2:00 am -> 10.3 / 185 (still too high, corrected with 0.2u)
7:00 am -> 14.3 / 257 (still too high, quite aggressive with insulin to correct and cover b'fast, gave 3.0u)
8:55 am -> 18.2 / 328 (still not coming down, gave another 0.5u)
10:10 am -> 7.7 / 139 (that's a bit better before am snack)
11:45 am -> 14.1 / 254 (no luck, too high before lunch)
2:00 pm -> 9.9 / 178 (coming down a bit, but still too high)

Here we go again...

Every single time that I glance down at Adele's blood glucose meter after the last beep when the result appears on the screen and I see a high number, I feel like someone has just shoved a knife right in my chest. All that I can imagine is her every organ being poisoned and attacked by the toxic high glucose blood. Images of her eyes, her kidneys and her limbs being assaulted are all that I can think about at that very moment. How would you feel if someone was physically hurting your child at a particular moment and you suddenly became aware of it? You'd likely become quite enraged (or even just "lose it") and do everything that you could to make that person stop to protect your child. Parents have been known to do pretty crazy things when it comes to protecting their offspring. And this happens to Type 1 gamers on a regular basis. Have I gotten used to it since it happens so often? No, not really. The stabbing pain that I feel at that moment doesn't hurt any less. And it also explains why I sometimes overcorrect Adele's highs by being too aggressive with insulin. At that moment, I'm usually in a state of panic wanting so bad for this Type 1 attacker to stop hurting my princess right away! My reaction is then no longer logical but rather an unconscious survival reflex.

So we're doing all that we're "supposed to". We're being "model" Type 1 gamers in the eyes of our Diabetes care providers, "doing a real good job" apparently and we're still dealing with stuff like this... And following other Type 1 blogs, I realize that we're not the only ones. Why is it that "not dying" is an acceptable Type 1 Diabetes standard in modern medecin? What about living? It may just be me not accepting this whole Type 1 life sentence, but I can't help but think that there's gotta be something better out there for our Type 1 kids...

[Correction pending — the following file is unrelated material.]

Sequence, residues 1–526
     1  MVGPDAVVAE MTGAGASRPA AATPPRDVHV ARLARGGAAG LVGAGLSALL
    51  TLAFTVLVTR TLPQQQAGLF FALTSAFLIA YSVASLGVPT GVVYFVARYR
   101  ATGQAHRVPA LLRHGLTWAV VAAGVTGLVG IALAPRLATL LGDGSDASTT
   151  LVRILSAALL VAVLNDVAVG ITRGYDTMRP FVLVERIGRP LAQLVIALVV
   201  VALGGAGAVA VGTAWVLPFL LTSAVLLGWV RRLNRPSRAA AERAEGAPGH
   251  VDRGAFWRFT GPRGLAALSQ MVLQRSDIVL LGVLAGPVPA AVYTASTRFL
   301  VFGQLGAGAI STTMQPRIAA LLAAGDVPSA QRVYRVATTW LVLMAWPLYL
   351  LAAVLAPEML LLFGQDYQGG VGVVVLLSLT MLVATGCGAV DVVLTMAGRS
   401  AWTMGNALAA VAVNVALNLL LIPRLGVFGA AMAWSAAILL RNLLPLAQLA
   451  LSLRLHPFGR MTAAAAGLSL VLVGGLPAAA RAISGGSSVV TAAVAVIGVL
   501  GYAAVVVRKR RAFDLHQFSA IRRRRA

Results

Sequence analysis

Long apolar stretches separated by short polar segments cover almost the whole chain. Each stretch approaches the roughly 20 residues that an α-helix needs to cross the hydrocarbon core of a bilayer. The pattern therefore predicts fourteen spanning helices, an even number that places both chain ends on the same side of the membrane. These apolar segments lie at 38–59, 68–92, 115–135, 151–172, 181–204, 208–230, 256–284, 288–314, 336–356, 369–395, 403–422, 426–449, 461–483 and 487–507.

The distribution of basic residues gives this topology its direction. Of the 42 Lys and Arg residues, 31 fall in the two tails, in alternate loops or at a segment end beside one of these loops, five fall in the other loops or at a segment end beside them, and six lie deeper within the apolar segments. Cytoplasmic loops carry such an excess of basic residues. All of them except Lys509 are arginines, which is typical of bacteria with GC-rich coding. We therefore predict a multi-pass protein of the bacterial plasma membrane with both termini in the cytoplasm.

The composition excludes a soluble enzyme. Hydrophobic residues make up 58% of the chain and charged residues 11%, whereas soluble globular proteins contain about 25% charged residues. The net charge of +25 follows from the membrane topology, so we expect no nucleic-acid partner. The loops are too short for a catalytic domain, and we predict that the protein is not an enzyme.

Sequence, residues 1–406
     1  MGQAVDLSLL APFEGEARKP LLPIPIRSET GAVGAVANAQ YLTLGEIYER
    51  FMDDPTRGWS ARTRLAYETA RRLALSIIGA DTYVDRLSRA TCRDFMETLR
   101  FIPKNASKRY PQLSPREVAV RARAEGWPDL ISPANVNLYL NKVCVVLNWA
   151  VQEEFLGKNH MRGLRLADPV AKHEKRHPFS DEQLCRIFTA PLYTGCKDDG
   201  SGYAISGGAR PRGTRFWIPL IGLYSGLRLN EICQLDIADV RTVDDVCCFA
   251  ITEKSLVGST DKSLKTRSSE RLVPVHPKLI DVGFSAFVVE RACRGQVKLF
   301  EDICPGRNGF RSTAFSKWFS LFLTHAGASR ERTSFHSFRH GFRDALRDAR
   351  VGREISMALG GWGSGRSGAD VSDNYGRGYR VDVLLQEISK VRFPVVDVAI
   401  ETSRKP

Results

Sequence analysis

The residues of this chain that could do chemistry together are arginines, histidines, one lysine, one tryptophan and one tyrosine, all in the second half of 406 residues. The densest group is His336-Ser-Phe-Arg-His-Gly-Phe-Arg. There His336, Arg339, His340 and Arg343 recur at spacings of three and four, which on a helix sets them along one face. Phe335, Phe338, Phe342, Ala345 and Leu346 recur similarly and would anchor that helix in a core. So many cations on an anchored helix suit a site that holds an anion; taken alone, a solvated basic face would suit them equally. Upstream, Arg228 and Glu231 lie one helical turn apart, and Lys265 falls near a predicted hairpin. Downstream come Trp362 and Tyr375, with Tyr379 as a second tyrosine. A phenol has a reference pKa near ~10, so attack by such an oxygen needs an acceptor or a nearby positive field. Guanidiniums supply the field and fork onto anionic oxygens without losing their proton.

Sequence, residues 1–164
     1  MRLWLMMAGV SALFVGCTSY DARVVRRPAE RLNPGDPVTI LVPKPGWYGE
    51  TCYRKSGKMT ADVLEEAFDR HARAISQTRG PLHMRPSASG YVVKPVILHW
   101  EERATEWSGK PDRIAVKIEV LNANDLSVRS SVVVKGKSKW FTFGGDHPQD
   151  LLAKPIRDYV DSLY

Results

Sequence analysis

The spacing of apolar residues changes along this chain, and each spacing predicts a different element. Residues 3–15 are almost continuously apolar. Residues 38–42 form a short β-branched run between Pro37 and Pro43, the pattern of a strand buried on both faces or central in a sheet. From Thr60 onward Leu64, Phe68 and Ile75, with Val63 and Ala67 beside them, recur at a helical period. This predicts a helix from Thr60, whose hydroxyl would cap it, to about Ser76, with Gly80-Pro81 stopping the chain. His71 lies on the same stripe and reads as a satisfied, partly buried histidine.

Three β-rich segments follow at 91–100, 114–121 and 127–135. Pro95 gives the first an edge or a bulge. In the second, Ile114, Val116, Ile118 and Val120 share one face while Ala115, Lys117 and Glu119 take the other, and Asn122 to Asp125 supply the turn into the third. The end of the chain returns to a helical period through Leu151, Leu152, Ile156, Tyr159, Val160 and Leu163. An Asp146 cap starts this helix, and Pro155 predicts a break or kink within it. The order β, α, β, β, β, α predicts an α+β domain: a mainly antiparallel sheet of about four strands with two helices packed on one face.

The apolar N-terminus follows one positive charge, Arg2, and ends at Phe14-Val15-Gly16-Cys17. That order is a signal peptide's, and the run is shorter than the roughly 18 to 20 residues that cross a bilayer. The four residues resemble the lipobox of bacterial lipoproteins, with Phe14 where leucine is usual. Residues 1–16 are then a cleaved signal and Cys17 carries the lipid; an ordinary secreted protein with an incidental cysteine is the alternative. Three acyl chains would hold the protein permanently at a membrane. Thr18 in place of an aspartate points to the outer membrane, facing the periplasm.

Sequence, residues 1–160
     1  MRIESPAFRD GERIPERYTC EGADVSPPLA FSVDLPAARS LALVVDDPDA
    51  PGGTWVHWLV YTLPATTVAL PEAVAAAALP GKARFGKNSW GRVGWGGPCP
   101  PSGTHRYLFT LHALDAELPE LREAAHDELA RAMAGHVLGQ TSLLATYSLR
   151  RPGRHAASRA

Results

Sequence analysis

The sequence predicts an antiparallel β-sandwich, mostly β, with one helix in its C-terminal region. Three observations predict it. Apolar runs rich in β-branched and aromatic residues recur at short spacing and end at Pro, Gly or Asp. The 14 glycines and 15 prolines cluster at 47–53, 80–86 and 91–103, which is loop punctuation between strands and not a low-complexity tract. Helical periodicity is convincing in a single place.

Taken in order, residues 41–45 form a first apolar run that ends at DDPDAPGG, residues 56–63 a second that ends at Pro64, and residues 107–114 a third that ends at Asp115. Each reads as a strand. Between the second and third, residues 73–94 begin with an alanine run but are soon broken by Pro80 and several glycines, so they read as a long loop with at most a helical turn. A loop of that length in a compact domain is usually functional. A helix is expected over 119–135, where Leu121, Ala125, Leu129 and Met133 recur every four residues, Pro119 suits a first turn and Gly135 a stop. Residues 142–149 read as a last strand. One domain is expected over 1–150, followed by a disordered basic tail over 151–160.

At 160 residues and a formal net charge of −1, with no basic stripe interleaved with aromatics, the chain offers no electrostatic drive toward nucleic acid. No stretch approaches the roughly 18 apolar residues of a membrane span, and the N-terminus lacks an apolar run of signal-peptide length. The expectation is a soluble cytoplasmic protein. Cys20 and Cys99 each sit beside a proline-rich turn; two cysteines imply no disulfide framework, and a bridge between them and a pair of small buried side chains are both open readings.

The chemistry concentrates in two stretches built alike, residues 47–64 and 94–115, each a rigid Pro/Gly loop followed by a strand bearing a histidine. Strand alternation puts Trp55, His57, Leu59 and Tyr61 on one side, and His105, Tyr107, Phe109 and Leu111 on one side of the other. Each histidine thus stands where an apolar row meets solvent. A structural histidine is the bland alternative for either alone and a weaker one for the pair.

Friday, March 19, 2010

Is it Spring already?

We've gone from winter to spring in less than 1 week in our corner of Canada. No complaints. As much as I enjoyed skiing and the other winter activities, it feels so good to be able to bike outside again. Even Adele has been asking to go biking which is usually the other way around. I know that winter isn't over yet and that we'll likely get a few snowstorms before the end of it all but I'll still take the nice weather while it lasts.

We've received the dates for this summer's Diabetes camp. I was really hoping that this would be the first year that Adele would go, but it's not looking so good. Actually, the idea is pretty much dead. I asked if a parent would be able to stay for the first night or if we could go pick Adele up so that she would sleep with us but the camp director said that wasn't possible. The only option is to drop her off and tell her "See you in a week". She really, really doesn't want to go since she rarely (ie NEVER) goes to sleepovers and she doesn't have any current friends at camp. I know that she would love it and make friends once there, but I can't go through the crying and screaming of forcing her to go and just leaving her there against her will. She goes through enough already because of the Type 1 game. Our only chance is one of her babysitters (who is also a Type 1 gamer) who is a camp counselor (or something like that?). If she would be there at the same time as Adele, then maybe (a big MAYBE) she'd be willing to give it a try. If not, we'll try again in 2011. Maybe the whole camp thing is us just being selfish wanting a week off from Type 1 gaming? Who knows?

I have an obsessive personality. My wife reminds me every once in a while and I really have no problem admitting it. I'm not compulsive, just obsessive. It's sometimes about biking, training or whatever else I have going on. Since our last Diabetes clinic apointment, I've become a victim of obsessing about Adele's A1C. For non gamers, the A1C blood test mesures the average blood glucose level for the last 3 months. What I hate about this test is that it's pretty much a setup for failure. It'll never be as good as a non-gamer. The pancreas simply does a way better job at keeping blood sugar in check compared to the human brain. It always seems to be "not good enough" or that it "could be better" or even "let's see if we can lower it even just a tad more?". Lower is supposedly better, but this has to be achieved without too many dangerously low blood sugars. I hate the test, but can't help but get caught up in the whole competition of getting a "good mark". No matter what Adele's A1C is, there is absolutely nothing more I can humanly do to help bring it down... Or maybe I should rephrase that and say that there is nothing more that I can do and still maintain sanity. See, that's where the guilt comes into play, because you can always ask yourself if you could do more. I really don't want Adele to get caught up in that guilt game... It sucks and absolutely nothing good comes out of it. The psychological aspect of the Type 1 game is often overlooked, but is still a very, very big part of it... and sadly most often this suffering is not apparent from the outside.